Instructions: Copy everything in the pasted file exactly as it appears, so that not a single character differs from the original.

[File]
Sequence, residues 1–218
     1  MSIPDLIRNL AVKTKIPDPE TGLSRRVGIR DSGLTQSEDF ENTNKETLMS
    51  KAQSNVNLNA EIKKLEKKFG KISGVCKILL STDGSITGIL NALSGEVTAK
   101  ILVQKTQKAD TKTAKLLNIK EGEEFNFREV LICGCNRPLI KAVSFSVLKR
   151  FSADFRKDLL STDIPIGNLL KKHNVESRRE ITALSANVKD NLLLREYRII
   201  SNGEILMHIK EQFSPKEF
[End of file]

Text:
Sequence, residues 1–218
     1  MSIPDLIRNL AVKTKIPDPE TGLSRRVGIR DSGLTQSEDF ENTNKETLMS
    51  KAQSNVNLNA EIKKLEKKFG KISGVCKILL STDGSITGIL NALSGEVTAK
   101  ILVQKTQKAD TKTAKLLNIK EGEEFNFREV LICGCNRPLI KAVSFSVLKR
   151  FSADFRKDLL STDIPIGNLL KKHNVESRRE ITALSANVKD NLLLREYRII
   201  SNGEILMHIK EQFSPKEF